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Old 02-12-2006, 06:49 AM   #12
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Rather than an electric heater I suggest a 50 or 100w light bulb. Place a wireless remote thermometer in the compartment and you can monitor the temp. You'll be surprised how warm a light bulb keeps the compartment.

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Old 02-12-2006, 10:34 AM   #13
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Just as an FYI, there's a slick little device called ThermoCube being sold in the SmartHome catalog, which will turn on any devide plugged into either of it's receptacles, when the temp drops below it's preset temperature. They come in 3 ranges: 20 degrees on/30 off, 35 deg on/45 off, and 78 on/70 off. They are rated at 1800 watts, 15 amps, 120vac.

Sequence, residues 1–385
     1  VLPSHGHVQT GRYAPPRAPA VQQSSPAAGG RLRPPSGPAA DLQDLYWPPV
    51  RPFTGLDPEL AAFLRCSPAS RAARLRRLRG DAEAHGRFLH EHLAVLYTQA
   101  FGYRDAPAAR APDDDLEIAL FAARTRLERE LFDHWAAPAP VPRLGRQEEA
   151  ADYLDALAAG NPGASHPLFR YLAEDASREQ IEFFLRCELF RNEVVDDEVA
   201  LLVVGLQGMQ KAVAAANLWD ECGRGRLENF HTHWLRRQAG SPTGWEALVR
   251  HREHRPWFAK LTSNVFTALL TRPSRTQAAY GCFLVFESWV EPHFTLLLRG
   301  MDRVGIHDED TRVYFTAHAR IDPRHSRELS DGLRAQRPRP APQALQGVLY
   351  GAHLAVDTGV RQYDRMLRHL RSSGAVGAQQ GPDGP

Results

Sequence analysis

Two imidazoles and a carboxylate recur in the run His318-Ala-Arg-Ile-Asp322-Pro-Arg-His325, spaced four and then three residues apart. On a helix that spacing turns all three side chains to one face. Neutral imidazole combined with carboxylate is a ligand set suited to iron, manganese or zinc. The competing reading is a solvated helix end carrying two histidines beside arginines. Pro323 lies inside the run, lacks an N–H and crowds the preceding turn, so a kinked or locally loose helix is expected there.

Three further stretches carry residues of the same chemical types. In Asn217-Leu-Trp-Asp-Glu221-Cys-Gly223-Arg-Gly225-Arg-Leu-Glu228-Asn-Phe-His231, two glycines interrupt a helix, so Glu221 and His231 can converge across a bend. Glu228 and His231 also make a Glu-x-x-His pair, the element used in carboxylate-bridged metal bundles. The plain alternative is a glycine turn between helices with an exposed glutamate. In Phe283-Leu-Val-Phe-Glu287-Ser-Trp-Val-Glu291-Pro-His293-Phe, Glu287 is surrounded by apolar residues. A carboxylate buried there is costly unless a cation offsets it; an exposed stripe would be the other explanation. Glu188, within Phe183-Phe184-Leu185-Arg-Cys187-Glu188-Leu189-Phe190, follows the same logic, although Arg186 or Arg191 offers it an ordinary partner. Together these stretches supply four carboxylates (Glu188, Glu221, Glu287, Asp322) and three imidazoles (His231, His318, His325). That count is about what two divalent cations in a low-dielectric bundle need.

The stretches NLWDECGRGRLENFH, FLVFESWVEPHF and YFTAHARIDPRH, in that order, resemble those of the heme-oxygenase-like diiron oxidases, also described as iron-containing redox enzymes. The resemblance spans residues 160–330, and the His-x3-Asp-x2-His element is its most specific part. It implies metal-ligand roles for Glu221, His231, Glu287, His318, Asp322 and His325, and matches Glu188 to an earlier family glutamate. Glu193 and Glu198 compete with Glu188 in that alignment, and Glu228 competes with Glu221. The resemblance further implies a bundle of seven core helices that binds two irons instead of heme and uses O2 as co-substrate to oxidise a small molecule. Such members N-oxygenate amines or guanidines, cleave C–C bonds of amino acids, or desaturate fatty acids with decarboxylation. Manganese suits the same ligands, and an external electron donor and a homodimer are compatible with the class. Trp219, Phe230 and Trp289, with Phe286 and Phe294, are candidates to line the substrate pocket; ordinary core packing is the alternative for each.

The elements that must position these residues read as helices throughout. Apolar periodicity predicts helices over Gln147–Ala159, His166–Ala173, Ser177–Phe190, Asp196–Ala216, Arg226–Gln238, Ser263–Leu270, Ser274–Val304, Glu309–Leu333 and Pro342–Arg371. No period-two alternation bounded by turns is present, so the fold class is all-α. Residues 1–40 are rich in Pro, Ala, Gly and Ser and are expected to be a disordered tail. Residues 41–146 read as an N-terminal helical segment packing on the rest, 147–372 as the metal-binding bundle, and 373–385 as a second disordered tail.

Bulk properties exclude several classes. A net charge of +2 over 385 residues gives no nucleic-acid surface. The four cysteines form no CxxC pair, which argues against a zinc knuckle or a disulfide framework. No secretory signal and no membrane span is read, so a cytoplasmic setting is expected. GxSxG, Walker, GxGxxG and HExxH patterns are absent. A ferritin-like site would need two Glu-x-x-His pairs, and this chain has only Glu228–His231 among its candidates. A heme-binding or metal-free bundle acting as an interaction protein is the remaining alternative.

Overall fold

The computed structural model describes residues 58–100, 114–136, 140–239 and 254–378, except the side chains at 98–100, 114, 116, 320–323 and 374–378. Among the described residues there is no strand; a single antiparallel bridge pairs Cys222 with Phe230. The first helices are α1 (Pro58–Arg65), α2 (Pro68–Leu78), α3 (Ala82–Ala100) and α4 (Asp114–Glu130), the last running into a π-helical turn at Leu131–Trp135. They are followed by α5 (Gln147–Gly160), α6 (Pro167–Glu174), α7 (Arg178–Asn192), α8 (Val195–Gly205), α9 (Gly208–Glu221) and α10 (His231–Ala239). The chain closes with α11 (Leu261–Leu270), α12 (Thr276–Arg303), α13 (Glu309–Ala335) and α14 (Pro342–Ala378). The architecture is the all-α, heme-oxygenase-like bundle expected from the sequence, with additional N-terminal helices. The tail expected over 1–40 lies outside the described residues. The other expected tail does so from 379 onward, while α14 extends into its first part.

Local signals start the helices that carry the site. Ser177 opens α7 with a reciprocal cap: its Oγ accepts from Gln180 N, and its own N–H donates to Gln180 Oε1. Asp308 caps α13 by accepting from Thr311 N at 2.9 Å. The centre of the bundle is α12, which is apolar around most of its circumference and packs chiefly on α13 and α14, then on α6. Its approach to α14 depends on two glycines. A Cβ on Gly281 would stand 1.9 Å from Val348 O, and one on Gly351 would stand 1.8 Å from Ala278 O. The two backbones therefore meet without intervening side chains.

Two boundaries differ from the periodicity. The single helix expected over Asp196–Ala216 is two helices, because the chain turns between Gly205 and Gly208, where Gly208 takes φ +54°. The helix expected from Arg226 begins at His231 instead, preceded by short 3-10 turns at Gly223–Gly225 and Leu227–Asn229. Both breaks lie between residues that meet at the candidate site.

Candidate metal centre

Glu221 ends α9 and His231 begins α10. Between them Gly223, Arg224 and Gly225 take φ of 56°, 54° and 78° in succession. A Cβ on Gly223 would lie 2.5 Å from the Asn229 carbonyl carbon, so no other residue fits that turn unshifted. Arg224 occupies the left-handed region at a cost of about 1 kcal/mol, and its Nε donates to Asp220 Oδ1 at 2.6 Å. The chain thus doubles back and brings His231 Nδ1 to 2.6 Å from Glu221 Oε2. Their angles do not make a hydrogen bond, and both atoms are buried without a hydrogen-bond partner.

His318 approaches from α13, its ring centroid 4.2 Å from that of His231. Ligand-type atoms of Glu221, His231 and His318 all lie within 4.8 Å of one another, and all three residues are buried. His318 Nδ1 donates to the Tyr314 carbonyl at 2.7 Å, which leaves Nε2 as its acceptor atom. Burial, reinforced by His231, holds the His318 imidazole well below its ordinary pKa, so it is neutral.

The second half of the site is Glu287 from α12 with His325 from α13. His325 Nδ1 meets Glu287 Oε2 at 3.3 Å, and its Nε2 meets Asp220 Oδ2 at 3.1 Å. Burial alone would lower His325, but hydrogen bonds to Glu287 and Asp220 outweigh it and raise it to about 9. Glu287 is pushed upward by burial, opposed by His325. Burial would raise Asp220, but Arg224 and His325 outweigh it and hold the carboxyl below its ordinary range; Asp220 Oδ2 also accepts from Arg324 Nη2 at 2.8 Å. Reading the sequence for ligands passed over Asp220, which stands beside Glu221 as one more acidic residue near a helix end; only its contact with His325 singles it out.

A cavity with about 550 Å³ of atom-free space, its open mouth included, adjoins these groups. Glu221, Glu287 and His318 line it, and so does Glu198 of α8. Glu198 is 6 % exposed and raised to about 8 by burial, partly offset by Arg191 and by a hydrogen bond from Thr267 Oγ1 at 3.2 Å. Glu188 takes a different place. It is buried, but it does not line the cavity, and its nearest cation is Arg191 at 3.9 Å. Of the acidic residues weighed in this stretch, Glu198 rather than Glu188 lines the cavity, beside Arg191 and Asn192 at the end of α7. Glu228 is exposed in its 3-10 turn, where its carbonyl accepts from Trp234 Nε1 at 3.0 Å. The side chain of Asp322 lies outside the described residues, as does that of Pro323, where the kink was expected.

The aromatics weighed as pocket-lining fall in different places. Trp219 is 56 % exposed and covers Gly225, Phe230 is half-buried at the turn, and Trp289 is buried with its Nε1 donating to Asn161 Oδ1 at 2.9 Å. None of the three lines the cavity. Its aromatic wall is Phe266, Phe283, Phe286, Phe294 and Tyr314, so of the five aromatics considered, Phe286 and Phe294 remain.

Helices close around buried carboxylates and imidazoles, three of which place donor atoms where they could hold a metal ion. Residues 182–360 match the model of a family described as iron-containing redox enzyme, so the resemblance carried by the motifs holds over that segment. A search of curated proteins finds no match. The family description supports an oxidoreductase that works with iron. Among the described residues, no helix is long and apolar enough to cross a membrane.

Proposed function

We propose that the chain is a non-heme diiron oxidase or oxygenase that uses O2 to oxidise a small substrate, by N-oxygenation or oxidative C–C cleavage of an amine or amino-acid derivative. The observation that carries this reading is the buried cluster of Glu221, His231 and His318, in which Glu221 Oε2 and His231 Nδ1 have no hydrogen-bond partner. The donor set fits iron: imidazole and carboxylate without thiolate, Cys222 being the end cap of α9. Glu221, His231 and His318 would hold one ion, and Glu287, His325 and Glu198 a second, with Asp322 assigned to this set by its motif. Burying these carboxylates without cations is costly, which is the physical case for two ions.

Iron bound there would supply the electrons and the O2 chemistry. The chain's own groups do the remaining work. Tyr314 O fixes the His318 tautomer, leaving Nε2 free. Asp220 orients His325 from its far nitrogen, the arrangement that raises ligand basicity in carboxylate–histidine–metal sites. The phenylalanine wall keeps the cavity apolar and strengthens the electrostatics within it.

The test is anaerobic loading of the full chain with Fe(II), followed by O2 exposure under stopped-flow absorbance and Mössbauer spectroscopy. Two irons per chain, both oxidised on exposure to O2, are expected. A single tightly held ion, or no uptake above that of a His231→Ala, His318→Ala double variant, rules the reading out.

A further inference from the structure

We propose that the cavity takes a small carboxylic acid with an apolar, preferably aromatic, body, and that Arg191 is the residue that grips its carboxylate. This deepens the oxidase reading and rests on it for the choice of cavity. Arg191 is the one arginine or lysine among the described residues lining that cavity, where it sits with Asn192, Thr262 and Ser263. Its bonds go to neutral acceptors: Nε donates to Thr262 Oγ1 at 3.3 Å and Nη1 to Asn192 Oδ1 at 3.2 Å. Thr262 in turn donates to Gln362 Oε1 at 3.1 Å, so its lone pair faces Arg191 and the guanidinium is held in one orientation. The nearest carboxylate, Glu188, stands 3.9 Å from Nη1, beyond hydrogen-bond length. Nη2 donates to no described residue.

With one of these, you could use any cube heater, light bulb, etc. that you want, and it could also light up a remote lamp up in the coach, as a visual indicator, if plugged into it's second receptacle.
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Old 02-12-2006, 04:08 PM   #14
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You can buy these ThermoCubes at Lowes or Home Depot.

Tom
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Old 02-13-2006, 02:06 PM   #15
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Just home from the Target here in Virginia Beach and the Westinghouse heaters were on the "clearance" rack...

I picked up two Model# WST-6006 heaters,normally $34.99 for $24.48 each.
1500W output with the thermostat and frost guard.
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Old 02-14-2006, 12:13 PM   #16
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Clay,